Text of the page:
He will discuss the implication of the interplay between geopolitics and technology on likely scenarios for the future on Sept. 20 at 7:30 p.m. in Edwards Auditorium on the URI Kingston campus. The lecture is free and open to the public.
An internationally renowned futurist and business strategist, Schwartz specializes in scenario planning, working with corporations, governments, and institutions to create alternative perspectives of the future and develop robust strategies for a changing and uncertain world.
Schwartz emphasizes that scenarios are not predictions but, rather, are built “to help you change your view of reality – to match it up more closely with reality as it is, and reality as it is going to be.” He defines scenarios as “a set of organized ways to dream effectively about our future.” An important element of scenario planning is to envision a range of possible futures so that one is prepared for any eventuality. Schwartz recommends at least three scenarios: the status quo, a future in which life goes on pretty much as it has, and the two opposite extremes, an optimistic future, one in which one envisions the best thing that could happen, and a pessimistic future, one in which one asks what could go wrong.
Schwartz’s current research and scenario work is focused on climate change and national security issues, and it also encompasses energy resources and the environment, technology, telecommunications and aerospace. He is a member of the Council on Foreign Relations, the World Affairs Council and, in Singapore, the Research, Innovation and Enterprise Council.
The rest of the speakers in the lecture series are: science fiction author Vernor Vinge on what sci-fi writers know about the future (Sept. 27); Anthony Atala, director of the Institute for Regenerative Medicine, on making new organs (Oct. 4); bioengineer Jim Collins on synthetic biology (Oct. 11); URI Professor Jason Dwyer on trends in nanotechnology (Oct. 18); URI Professor Chris Roman, hurricane researcher Joseph Cione, and Monterey Bay Aquarium Research Institute chief technologist James Bellingham on robotics use in the atmosphere and ocean (Oct. 25); biological engineer and brain and cognitive scientist Ed Boyden on enhancing the brain — past, present and future (Nov. 1); cognitive scientist Deb Roy and media researcher Johanna Blakley in a panel on social media (Nov. 8); cybersecurity expert Richard Clarke on cyberwarfare (Nov. 15); and Laurie Zoloth, director of the Center for Bioethics, Science and Society, on ethics and genetics (Nov. 29).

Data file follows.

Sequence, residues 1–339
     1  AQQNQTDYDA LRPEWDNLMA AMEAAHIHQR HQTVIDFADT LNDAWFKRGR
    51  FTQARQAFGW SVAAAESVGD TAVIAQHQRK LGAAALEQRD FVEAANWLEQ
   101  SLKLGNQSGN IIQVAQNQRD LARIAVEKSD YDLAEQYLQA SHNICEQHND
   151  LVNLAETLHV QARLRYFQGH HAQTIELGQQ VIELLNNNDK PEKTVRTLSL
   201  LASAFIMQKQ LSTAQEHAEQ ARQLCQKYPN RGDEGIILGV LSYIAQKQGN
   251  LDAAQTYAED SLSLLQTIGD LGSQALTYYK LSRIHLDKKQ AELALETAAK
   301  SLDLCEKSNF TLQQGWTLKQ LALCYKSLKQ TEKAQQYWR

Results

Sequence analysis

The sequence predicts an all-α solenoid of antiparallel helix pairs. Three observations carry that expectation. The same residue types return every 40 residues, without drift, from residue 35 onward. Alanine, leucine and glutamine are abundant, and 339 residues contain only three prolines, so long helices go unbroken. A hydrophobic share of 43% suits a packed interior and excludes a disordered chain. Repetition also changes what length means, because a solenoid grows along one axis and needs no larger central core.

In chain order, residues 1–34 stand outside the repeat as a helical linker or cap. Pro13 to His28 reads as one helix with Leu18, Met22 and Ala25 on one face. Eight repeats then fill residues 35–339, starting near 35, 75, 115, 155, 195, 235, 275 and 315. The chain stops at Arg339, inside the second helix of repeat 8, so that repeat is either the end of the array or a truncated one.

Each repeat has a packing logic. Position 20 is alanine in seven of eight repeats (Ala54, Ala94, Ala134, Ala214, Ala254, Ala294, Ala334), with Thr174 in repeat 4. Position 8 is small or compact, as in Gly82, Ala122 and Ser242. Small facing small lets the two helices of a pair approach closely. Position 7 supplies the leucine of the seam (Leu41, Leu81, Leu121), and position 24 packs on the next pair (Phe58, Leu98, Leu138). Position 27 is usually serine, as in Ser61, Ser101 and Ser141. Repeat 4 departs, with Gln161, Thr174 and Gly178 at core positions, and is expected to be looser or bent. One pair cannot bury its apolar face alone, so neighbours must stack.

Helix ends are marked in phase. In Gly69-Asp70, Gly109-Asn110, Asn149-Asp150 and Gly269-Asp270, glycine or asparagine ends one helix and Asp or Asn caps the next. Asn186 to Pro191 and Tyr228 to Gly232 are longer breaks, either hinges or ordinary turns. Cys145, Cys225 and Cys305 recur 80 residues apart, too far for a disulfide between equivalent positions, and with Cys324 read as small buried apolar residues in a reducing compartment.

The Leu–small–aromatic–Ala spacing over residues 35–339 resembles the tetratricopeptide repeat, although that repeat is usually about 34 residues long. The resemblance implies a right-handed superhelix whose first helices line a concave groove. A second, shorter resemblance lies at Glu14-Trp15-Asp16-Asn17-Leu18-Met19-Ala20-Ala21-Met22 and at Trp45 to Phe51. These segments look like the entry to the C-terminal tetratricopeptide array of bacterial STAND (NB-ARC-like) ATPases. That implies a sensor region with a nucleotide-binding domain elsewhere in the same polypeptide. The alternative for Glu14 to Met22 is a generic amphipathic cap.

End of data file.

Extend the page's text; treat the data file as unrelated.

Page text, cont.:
All of the lectures will be streamed live at www.uri.edu/hc, where the complete schedule of events is also listed. For additional information about the URI Honors Colloquium, contact Deborah Gardiner at firstname.lastname@example.org or 401-874-2381.
Major sponsors of the Honors Colloquium are the G. Unger Vetlesen Foundation, the URI Honors Program, and the URI Graduate School of Oceanography, with sustaining sponsors including The Thomas Silvia and Shannon Chandley Honors Colloquium Endowment, The Mark and Donna Ross Honors Colloquium Humanities Endowment and the URI Office of the Provost and Office of the President. Additional support is provided by URI’s Harrington School of Communication and Media, College of Arts and Sciences, College of Engineering, Classroom Media Services, College of the Environment and Life Sciences, College of Human Science and Services, College of Business Administration, College of Pharmacy, Office of the Vice President for Administration and Finance, University College, Coastal Institute, Division of University Advancement, College of Nursing, and Department of Communication Studies.